A spunky bodega-dwelling kitty describes the ins and outs of a bustling neighborhood market.
Life for Chip the bodega cat is full of interesting new friends, great food, hard work, and a lot of fun. A bodega, Chip explains, is a “store that sells a little bit of everything you could need!” From tasty snacks to laundry detergent, the bodega has you covered 24 hours a day. The feline narrator details the rhythm of the day, which includes working diligently through the early-morning deliveries, the busy breakfast rush, the lunch crowd, and the lively after-school hours. Chip helps out around the store, at least in theory, by counting up inventory and lending a paw at the cash register. Of course, the friendly feline is never too busy for a round of hide-and-seek with its many “adoring fans,” the neighborhood kids. Characters depicted in the book represent many cultures and ethnicities, including Chip’s Latinx human family, headed by Papi, who’s from the Dominican Republic. Chin’s vibrant illustrations are touched with a graffiti-artist vibe and bring the world of the bodega to life with engaging full-color spreads. Details will feel perfectly executed to those familiar with bodegas already and will quickly transport those who haven’t yet had the pleasure. Readers’ mouths will water at the delicious-looking food prepared in the bodega’s kitchen.
This cute cat seamlessly works an education on bodegas into a playful story.
(Picture book. 6-10)
This picture book, a Canadian import originally published in Norway, tells the story of Paws, a dog, and Edward, a child, who have shared a good life together.
Paws is old and prefers to spend his days sleeping and dreaming, mostly about rabbits, while Edward, his beloved human, cuddles close and reads books. When Edward invites Paws for a walk, Paws goes because, he thinks, “Edward could use some fresh air.” The two are inseparable until the inevitable occurs and Paws falls into a sleep “without dreams.” Edward is so, so sad, but when he finally falls asleep (in the park, on the bench Paws used to lie on) he dreams—of Paws, tail wagging, happy—and readers will be uplifted, understanding that Edward’s love for Paws cannot be erased by death. Johnsen’s warmly hued illustrations give Paws such a large presence that he often spills out over the boundaries of the page—a visual manifestation of the story’s theme of love unconstrained by the boundary of death. Each illustration is a full-bleed double-page spread, a choice that emphasizes expansiveness. Edward’s skin is shown as a different shade on each page, a device that allows Edward to approach universality while visually highlighting, once again, the theme of limitlessness.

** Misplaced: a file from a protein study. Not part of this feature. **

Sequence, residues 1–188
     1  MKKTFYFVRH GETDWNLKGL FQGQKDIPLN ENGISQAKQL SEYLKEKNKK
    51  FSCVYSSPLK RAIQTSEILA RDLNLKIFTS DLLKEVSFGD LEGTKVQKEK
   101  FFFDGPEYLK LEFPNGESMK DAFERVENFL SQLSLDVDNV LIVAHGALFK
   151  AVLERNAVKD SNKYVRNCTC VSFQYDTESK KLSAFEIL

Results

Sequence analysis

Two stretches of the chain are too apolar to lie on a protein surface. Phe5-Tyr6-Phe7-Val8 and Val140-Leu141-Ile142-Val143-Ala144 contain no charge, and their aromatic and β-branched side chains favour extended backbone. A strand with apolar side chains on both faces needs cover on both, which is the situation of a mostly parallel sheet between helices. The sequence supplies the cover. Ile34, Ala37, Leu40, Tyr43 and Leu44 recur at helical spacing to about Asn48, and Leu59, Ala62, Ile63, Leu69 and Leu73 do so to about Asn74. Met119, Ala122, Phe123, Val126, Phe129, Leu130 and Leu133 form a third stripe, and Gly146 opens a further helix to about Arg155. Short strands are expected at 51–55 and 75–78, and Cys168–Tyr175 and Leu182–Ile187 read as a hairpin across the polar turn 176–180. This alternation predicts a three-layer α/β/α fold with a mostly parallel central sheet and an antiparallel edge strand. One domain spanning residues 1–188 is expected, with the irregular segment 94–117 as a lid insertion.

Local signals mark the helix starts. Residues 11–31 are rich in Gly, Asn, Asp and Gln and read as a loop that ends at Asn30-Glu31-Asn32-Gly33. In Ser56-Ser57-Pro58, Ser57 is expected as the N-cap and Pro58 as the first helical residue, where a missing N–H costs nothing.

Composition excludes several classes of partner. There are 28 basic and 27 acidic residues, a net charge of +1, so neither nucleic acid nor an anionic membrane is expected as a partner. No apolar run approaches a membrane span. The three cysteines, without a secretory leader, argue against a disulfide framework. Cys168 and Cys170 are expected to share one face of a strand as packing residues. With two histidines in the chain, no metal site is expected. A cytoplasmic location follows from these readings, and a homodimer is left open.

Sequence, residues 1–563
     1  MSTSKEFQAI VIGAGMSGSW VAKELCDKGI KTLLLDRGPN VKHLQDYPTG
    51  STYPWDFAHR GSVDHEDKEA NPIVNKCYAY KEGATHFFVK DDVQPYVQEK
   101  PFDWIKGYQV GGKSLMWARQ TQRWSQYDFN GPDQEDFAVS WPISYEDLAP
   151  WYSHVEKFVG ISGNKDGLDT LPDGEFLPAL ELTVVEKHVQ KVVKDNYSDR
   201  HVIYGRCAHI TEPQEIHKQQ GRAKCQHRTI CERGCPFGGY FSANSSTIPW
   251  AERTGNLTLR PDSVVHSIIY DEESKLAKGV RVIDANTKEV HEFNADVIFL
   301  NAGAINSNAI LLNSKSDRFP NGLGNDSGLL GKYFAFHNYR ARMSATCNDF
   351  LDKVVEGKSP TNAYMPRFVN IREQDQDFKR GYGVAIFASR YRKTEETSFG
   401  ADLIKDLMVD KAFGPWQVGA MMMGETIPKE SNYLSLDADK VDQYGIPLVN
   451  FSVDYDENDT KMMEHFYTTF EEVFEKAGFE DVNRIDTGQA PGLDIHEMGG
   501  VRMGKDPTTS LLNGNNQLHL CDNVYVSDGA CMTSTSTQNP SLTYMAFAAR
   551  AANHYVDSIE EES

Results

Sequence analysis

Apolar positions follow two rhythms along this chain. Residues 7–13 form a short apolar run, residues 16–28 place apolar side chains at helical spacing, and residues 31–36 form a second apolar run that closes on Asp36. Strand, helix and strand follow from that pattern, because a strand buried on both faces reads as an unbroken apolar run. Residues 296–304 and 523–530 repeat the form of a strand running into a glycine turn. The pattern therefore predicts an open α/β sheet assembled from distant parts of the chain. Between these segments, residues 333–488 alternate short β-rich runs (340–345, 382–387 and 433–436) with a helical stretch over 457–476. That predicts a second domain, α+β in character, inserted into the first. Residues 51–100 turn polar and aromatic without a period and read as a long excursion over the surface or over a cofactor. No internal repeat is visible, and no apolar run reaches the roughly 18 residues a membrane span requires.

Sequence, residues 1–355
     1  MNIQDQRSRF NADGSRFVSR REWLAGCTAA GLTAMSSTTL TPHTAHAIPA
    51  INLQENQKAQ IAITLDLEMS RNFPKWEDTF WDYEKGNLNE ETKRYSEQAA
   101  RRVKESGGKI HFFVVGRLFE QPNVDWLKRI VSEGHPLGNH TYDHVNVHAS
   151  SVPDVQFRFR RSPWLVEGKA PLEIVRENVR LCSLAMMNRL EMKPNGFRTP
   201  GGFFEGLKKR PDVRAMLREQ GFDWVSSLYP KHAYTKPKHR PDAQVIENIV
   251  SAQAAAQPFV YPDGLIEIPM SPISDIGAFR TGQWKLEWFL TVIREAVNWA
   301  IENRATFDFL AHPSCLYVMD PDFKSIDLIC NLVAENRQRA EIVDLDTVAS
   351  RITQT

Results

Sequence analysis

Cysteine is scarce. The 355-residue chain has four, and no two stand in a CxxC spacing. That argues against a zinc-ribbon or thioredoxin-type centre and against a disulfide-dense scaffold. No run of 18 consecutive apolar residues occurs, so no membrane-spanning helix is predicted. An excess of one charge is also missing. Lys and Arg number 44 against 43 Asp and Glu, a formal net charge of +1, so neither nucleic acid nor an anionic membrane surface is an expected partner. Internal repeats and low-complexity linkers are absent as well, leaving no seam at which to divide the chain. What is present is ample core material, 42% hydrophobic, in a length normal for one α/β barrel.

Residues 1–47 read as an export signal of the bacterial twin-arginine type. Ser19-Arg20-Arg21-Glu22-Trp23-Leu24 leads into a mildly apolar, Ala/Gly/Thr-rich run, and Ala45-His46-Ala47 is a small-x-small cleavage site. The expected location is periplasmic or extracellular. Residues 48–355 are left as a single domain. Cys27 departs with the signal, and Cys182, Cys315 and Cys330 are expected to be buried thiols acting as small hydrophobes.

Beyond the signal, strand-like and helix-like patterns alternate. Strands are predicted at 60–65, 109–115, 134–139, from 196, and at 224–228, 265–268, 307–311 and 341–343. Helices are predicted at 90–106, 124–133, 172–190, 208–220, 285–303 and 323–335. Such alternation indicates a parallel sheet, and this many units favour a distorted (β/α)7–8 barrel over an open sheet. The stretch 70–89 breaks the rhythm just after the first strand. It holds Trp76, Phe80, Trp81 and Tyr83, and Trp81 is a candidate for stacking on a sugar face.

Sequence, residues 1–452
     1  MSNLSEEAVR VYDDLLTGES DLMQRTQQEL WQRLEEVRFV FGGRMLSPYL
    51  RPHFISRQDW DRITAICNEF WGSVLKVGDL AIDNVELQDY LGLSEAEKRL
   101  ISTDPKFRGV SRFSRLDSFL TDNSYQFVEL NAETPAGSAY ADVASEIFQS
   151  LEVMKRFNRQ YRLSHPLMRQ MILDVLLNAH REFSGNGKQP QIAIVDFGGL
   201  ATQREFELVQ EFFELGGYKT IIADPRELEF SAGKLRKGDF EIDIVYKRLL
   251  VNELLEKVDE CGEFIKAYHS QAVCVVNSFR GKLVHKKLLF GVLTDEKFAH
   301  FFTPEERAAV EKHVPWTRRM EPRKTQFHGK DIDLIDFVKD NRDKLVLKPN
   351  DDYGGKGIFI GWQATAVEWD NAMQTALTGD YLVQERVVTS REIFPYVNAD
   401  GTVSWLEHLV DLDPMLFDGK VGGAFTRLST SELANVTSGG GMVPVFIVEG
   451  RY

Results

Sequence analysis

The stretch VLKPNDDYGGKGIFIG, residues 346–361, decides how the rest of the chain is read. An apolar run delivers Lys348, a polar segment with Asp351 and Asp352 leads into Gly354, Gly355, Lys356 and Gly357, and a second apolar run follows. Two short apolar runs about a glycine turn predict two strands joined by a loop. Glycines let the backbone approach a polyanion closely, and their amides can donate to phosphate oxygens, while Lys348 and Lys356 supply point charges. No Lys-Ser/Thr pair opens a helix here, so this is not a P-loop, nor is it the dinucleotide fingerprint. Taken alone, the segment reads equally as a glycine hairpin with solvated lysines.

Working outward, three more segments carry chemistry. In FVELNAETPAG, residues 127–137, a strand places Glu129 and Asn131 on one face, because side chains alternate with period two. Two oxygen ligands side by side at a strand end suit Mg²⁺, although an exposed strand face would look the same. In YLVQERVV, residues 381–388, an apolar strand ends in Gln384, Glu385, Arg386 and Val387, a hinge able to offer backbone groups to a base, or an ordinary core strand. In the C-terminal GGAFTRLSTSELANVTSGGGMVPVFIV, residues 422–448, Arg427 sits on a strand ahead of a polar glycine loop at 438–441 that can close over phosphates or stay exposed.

A truly brilliant contribution to the genre and a must for any child who has lost a beloved pet.
(Picture book. 4-8)
In the spirit of Aesop, the 2016 Hans Christian Andersen winner weaves an animal fable set in the grasslands.
Seven creatures are desperate for relief from the sweltering sun. After they argue and vie for a spot under the single tree, the elephant muscles his way underneath. The sight of the giant trying to cool off under several tiny leaves is so hilarious the animals burst into laughter. Their attention is diverted by the sight of a child walking by in his father’s shadow. In a brilliant design feature, the next six pages are cut to gradually increase in width, moving from 3 ½ inches to 10 inches, as each creature, starting with the lynx, crosses the gutter to offer shade to smaller beings. Yu cleverly contrasts a lineup of wilting figures rendered in pencil on the verso with smiling, colorful, cut-paper versions on subsequent rectos. Before the page turns, viewers can spot a silhouetted portion of the next animal’s shadow, setting up a guessing game. Ultimately, a natural solution offers coolness for all. Touches of internal rhyme, alliteration, foreshadowing, and descriptive specificity elevate the telling: “Hens doze in the dusty shade of haystacks, and the melon farmer fans himself, under a canopy.” As in fables of yesteryear, Cao holds a mirror to selfishness as well as to an individual’s ability to transcend that tendency.
Children will return often to enjoy the interactive opportunities and the harmony that prevails.
(Picture book. 3-6)
Following The Outlaw (2018), this second title of a trilogy offers a new character to ponder.